The recent incident of an international student from India threatening to commit suicide in the Electorate Office of National Party Member of Parliament at Kanwaljit Singh Bakshi is a cry for immigration help and desperation that exists among students.
This is not an isolated incident.
My predictions, made through my column in Indian Newslink, a speech delivered at the Immigration Law CCH conference, my comments on Radio Tarana in 2014 and my weekly Wellington based radio programme ‘Koffee with Kamil,’ are unfortunately coming true.
I was deeply concerned over such tragic developments.
Most people would now agree that a problem exists and that many measures have been put in place to deal with issues such as migrant exploitation legislation, increased labour inspectorate activity, and increase in compliance. But these are just addressing the symptoms but the elephant in the room continues to cause concern.
The international student, besides being a means of immense foreign revenue for New Zealand, predicted to increase, is fraught with undesirable issues.
The disconnect exists because of the credibility gap; what the students are sold offshore and what they get onshore are not the same.
Based on empty promises of a residence in New Zealand, decisions are made to pursue that dream through heavy borrowings and/or sale of assets such as property and fees.
When that dream is in jeopardy, international students resort to other undesirable methods such as paying for jobs that do not exist, marriage of convenience, working in undesirable and exploited conditions – all leading to suicidal tendencies and depression.
In essence, many international students are sold low-level courses on the pretext that they will gain New Zealand residence at the end.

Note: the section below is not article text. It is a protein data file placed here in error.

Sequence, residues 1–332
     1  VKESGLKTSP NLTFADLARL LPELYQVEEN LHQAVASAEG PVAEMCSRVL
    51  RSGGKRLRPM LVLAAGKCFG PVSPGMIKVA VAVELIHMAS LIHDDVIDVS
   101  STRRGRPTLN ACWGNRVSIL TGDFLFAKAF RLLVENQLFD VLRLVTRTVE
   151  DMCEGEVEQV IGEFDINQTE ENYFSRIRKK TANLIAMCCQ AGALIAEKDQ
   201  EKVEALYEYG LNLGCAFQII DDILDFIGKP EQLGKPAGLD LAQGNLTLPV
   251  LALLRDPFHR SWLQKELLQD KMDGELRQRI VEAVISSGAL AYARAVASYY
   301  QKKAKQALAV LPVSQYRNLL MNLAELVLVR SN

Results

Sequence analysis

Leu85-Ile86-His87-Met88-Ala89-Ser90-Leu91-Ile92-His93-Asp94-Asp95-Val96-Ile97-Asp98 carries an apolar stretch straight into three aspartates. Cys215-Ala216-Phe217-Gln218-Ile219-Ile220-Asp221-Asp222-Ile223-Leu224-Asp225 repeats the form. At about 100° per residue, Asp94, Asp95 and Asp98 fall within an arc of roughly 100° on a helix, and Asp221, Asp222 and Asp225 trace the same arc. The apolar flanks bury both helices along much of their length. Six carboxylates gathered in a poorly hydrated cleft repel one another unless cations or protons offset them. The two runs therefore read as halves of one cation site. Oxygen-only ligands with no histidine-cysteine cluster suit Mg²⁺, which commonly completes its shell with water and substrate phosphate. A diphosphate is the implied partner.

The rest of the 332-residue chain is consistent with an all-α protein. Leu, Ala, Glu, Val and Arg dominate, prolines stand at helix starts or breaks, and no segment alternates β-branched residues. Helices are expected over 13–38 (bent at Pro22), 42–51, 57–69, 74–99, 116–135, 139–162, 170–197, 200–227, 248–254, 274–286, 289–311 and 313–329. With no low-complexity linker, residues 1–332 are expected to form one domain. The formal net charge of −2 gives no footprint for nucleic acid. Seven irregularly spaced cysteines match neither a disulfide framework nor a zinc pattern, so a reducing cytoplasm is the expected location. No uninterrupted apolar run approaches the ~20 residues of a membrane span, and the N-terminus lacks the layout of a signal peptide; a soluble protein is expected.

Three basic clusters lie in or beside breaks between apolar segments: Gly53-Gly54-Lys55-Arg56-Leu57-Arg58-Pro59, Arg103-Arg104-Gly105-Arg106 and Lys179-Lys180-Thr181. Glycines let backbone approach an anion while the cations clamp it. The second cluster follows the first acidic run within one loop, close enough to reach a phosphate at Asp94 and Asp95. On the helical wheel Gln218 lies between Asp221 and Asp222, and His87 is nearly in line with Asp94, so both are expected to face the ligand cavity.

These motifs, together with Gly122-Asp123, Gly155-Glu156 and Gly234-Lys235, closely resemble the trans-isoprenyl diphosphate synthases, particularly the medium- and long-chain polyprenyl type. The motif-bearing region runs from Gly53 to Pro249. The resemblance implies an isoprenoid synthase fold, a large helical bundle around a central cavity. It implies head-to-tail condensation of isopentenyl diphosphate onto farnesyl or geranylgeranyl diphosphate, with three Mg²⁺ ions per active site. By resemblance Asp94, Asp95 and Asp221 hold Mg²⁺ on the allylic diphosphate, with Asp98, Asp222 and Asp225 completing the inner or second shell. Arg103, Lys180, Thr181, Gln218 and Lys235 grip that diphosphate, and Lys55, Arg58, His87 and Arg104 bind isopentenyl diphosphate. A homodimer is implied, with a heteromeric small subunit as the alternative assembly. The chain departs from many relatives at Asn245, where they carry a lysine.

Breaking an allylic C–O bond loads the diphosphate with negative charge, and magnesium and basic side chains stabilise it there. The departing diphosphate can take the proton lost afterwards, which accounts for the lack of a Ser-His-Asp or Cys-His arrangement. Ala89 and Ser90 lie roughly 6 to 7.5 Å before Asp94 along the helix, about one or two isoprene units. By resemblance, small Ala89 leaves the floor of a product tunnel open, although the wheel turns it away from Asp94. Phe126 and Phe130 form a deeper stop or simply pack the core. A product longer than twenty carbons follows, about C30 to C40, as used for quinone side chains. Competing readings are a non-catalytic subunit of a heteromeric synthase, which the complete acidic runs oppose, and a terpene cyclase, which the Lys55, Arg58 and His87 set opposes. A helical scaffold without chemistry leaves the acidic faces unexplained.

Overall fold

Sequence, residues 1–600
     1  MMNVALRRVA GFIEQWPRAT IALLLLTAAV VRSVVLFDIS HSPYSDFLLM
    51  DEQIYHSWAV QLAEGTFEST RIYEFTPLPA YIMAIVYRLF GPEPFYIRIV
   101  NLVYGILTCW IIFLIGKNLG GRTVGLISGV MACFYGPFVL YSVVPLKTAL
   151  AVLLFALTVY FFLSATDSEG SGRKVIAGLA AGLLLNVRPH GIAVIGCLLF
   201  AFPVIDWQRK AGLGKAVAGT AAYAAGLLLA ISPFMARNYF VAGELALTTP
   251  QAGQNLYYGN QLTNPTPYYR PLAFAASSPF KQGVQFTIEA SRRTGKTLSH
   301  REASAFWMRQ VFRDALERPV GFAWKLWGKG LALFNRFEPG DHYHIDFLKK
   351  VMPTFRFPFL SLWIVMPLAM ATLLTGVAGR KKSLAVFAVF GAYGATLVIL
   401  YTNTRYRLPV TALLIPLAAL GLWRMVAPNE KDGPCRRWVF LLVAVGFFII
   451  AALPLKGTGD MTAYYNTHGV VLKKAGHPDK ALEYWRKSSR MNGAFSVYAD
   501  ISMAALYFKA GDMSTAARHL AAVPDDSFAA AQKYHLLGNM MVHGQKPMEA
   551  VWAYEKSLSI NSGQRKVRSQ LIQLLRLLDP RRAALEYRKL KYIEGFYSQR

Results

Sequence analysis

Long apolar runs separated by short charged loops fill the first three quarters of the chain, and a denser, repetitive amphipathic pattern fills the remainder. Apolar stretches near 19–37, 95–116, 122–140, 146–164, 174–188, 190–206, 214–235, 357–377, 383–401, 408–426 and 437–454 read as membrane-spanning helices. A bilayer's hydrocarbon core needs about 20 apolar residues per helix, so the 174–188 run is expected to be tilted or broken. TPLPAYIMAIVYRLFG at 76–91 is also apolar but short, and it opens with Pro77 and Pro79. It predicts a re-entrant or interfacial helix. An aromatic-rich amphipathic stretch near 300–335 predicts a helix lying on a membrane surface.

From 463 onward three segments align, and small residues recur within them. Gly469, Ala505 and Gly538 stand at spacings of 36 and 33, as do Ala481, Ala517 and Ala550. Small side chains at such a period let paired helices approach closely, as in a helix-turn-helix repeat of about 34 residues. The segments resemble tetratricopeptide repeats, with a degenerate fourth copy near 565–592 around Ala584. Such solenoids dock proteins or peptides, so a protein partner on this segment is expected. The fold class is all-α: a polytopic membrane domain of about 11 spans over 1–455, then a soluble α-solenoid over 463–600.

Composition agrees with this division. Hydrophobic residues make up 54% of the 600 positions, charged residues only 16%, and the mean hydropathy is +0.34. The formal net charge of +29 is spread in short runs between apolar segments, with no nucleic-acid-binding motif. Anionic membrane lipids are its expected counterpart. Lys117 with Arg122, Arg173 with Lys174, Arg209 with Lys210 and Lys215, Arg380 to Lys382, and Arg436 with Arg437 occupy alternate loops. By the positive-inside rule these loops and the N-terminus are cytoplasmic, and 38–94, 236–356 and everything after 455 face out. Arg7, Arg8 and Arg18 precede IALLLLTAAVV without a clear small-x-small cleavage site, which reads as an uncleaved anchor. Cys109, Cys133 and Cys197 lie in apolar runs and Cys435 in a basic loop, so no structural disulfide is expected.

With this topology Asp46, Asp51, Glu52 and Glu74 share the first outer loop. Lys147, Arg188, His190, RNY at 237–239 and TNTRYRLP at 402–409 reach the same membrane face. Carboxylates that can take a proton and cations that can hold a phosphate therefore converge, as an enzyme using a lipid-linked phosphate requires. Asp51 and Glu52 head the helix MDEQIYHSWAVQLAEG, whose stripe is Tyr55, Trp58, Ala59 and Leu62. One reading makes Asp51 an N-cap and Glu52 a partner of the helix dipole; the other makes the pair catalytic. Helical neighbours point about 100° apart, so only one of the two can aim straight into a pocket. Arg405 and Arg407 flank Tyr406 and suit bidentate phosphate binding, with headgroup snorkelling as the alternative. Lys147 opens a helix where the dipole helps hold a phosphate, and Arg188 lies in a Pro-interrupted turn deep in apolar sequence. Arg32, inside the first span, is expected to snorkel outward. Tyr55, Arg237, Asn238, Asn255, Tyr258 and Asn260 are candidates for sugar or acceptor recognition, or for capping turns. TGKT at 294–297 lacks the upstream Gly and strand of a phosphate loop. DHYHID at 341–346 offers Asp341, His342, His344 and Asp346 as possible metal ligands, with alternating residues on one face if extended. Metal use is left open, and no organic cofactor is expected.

Most officials are aware of these happenings but there is no will to stop.
Why do we allow our international students to suffer? Are we so desperate for money that we do not feel responsible to these youngsters? Do we really want to be accused of taking blood money?
Most important of all, how do we stop these unhealthy practices?
Immigration New Zealand (INZ) should also carry at least a part of the blame. The department is known to delay decisions on applications for work visa, resident visa and job search visa.
The Department’s decisions declining applications, the tone of declining letters sent to applicants and the management of student appeals leave much to be desired.
The difficult stance taken by INZ often drives students to the state as witnessed at Mr Bakshi’s office the other day.
There is a need for consultation with all the parties involved including INZ officials in India and New Zealand, employers and headhunters in New Zealand and most importantly, a regime that would discipline some unscrupulous agents in India and perhaps New Zealand.
Kamil Lakshman is a Lawyer & Principal of Wellington based law firm Idesi Legal Limited. She can be contacted on (04) 4616018 or 021-1598803. Email: email@example.com; The opinions expressed in her article above are her own and not that of Idesi Legal Limited or the New Zealand Law Society, or its Wellington Branch, or its affiliated bodies and committees or Indian Newslink. Readers can send their comments (names can be withheld) to firstname.lastname@example.org